My very clever and wonderful BFF responded: To find the places we got hurt. Great Peter Gabriel song!

She is a clever one that BFF.

I think I have been probing around at things that hurt. The trip to NYC has made me wistful. If I am objective, I have been on and off auto-pilot since my mother passed away. It is difficult to grieve and raise little kids. Life really does go on, even if you have to race to keep up with it. 

There is a void left when a loved on passes away, but for me, the care giver, the dutiful daughter, there is another void. So much of my life, of my life choices have been tied up with the care and maintenance of my mother.  That "now what" feeling seems to be clinging to me. 

Add to that the abundance of deferred projects, the I will "get to it later"s and you can only imagine the daunting tasks that have stood in front of me since last November. It has taken me a long time to dig myself out and I am not really there yet either. There is still more to do.

I am also battling some realities which I don't really like, but am accepting slowly.

So yes, I am digging in the dirt...

Saturday, May 5, 2012

Things I am afraid to tell you...

I got this from Allie, over at Show & Tell. She inspired my post
Sometimes we read to escape and sometimes we read to obtain knowledge, we read to be informed (I think of this kind of reading as work), sometimes we read for pleasure (crazy I know, but honestly one of the main reasons I read is to be entertained.)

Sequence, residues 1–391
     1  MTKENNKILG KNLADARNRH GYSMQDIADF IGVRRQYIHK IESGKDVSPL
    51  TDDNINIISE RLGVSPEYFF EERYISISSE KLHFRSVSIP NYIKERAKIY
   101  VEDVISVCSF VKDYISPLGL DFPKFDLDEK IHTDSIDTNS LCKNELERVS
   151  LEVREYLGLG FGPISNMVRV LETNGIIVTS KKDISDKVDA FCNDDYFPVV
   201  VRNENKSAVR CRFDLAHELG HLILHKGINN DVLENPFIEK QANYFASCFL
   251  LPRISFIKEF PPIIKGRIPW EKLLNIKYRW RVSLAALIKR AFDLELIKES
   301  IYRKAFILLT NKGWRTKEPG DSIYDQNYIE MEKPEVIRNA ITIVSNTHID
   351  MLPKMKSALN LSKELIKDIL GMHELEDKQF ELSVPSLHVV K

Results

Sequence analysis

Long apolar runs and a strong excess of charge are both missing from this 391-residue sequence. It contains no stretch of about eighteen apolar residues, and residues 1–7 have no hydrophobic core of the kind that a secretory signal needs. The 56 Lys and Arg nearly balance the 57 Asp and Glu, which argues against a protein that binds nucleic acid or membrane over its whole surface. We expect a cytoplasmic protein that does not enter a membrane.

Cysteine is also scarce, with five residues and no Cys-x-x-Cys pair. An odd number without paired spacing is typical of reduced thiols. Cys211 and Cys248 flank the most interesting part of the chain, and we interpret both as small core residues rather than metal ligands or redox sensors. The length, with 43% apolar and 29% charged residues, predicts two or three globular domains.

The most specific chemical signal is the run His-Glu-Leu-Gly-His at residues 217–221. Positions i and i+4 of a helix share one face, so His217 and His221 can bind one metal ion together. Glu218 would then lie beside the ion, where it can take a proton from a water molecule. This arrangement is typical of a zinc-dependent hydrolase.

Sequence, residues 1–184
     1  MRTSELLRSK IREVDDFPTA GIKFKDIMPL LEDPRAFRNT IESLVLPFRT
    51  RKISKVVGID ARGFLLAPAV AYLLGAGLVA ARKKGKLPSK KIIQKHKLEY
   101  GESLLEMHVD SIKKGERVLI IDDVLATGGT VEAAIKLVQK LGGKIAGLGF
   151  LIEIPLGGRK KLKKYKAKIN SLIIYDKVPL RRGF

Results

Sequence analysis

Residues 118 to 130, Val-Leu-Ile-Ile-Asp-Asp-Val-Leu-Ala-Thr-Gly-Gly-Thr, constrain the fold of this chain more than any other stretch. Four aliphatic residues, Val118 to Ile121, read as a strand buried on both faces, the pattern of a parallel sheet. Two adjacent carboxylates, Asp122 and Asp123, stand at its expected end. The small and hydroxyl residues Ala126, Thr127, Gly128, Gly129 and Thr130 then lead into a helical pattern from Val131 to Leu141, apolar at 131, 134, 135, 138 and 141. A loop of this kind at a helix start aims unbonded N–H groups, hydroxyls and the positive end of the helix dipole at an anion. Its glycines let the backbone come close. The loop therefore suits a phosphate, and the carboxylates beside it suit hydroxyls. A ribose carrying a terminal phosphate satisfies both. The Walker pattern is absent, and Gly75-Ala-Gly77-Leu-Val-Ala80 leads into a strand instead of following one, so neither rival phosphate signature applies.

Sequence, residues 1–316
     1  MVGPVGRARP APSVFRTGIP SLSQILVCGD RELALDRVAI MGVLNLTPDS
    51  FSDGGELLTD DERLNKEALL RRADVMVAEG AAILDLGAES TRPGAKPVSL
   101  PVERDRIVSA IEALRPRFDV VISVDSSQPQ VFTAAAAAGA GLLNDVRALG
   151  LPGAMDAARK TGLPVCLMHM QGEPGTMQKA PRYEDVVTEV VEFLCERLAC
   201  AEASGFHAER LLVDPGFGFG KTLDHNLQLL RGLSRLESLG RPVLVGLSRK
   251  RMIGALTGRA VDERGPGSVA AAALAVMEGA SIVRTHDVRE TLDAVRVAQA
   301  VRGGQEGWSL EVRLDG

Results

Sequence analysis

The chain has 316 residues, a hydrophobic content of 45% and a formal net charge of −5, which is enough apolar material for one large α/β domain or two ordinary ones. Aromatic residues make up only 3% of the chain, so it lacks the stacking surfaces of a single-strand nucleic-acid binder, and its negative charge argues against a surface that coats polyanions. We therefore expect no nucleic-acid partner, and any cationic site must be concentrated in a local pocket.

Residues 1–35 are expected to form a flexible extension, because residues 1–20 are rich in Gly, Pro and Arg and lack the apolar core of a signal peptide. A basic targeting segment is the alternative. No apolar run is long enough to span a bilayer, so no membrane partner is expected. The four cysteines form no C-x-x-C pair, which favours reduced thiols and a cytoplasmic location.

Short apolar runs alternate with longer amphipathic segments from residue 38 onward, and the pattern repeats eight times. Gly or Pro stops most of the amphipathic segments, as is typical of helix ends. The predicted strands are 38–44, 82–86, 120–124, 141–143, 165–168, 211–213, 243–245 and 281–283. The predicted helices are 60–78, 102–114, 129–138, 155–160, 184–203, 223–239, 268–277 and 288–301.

Sometimes what we read is exactly what we need to read at exactly the right moment. I know this is true for writers and probably designers. Creativity does not come from a vacuum, generally speaking. We need to feed it. As a writer I write better when I am reading actively. As a creative person, I work best when I am around creative energy.

Lately, I have come to the conclusion that I have been fighting a couple losing battles and I will say it out loud, I have not been myself. Have I been depressed in the classic sense, no. Have I been moving slowly and certainly more or less uninspired. Yes. Now I suspect that most of the people around me have been painfully aware of this fact. My editor noticed it when I submitted my last piece for the Naked Sunfish. A few friends have hinted at it.